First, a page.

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@yyx990803 yyx990803/nl.sh
Last active Oct 25, 2019

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What would you like to do?
npm list only top level modules.
alias ng="npm list -g --depth=0 2>/dev/null"
alias nl="npm list --depth=0 2>/dev/null"
@Nilegfx

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Nilegfx commented Jan 6, 2016

Thanks for this one, may I ask, what does the "/dev/null" do?

@danqing

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danqing commented Jan 14, 2016

@refactorized

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refactorized commented Jun 12, 2016

perfect nl is exactly the alias I had in mind

@jlafitte

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jlafitte commented Sep 21, 2016

Just be careful, nl is also a "line numbering filter" utility. Not sure if you have it on your system, but it could cause problems if another script needs it. I'm using nlg nll.

@rondinif

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rondinif commented Dec 28, 2016

These aliases are awesome but I just warn about possible conflict that may arise with https://github.com/angular/angular-cli [ng]((https://cli.angular.io/reference.pdf) and the ng alias.

@attluh

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attluh commented Jul 16, 2017

This is awesome, exactly what I was looking for!

@awadev

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awadev commented Jan 2, 2018

Thanks, based on this info I wrote a small bash script, usage can be
npl , npl 0 , npl 1 , npl 2 g, npl g , npl -h etc.
where 0,1,.. is the level and g is global, of course. Hope it helps someone.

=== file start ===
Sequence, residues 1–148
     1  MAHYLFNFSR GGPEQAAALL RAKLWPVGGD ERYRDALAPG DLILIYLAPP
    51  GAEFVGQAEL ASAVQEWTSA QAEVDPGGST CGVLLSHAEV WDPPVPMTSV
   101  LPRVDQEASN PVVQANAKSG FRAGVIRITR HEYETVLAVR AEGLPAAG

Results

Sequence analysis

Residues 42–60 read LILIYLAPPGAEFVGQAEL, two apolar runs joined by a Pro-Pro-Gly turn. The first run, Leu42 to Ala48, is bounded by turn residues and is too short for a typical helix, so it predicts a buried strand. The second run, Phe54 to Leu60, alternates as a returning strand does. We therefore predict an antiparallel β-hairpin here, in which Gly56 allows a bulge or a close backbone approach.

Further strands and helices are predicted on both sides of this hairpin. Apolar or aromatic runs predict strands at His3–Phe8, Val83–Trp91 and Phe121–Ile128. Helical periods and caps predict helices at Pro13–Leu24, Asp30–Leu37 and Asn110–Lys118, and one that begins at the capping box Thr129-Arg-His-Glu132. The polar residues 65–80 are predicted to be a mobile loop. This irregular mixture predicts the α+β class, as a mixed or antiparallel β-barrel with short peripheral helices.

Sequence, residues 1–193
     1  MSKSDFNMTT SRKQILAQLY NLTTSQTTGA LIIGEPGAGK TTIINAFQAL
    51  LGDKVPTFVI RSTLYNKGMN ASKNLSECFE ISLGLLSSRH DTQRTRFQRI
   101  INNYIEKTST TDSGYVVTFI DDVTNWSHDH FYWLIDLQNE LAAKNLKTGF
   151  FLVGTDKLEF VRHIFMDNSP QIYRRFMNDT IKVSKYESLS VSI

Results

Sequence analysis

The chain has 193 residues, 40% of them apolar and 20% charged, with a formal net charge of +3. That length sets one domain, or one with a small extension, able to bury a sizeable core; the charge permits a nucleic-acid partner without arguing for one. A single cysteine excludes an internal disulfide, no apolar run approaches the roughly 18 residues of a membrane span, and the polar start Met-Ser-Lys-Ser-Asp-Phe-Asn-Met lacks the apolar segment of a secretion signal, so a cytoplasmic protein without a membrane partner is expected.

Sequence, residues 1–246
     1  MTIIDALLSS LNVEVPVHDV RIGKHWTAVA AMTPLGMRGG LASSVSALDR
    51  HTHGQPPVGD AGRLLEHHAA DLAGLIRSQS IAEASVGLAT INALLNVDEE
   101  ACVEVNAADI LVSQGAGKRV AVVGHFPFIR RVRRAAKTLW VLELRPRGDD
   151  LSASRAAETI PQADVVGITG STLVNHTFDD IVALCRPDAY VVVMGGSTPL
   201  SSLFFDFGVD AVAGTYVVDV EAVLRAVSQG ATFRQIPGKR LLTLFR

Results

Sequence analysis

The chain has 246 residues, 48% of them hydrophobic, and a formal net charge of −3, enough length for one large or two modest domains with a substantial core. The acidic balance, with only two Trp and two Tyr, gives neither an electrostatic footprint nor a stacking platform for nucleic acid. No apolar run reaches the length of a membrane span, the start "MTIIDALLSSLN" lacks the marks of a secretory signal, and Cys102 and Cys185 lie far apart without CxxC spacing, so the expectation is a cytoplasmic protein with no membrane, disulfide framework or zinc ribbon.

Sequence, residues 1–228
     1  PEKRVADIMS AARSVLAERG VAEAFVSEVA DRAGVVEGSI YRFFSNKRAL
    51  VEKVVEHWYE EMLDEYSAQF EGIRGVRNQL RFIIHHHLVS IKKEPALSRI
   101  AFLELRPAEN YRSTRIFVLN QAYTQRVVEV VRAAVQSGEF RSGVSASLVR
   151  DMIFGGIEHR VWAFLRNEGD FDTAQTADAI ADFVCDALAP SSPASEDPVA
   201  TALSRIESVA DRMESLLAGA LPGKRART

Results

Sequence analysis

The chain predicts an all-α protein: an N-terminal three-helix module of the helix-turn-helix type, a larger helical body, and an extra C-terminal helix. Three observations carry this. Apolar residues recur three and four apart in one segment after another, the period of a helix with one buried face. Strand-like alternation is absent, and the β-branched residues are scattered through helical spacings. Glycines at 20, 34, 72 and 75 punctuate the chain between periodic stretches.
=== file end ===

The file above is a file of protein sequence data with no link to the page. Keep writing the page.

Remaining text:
(Don't forget to put it in a folder in your path and to chmod +x it.)
http://awadev.com/npl

@ackalker

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ackalker commented May 6, 2018

Note that options like --depth 0 can be set in npm's config as well.

So to make npm ls work more like *nix ls -l i.e. show only the top-level modules, you can run:

npm config set depth 0

Of course, you can always override this config setting from the command line, so to restore the original behaviour, i.e. make npm ls work more like *nix ls -lR, you can run:

npm ls -g --depth 9999

Note that setting depth in config also applies to npm la, npm ll, npm ls --long, etc., so no need to define shell aliases for any of those either.

@hinell

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hinell commented Apr 11, 2019

Check this out npm ls -ps

@richworx

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richworx commented Aug 8, 2019

This doesn't seem to work for node installed by nvm. I have to use --depth=1 to see the installed packages. Does anyone have a solution that works for both (or an easy way to detect whether the running npm is from nvm or not?

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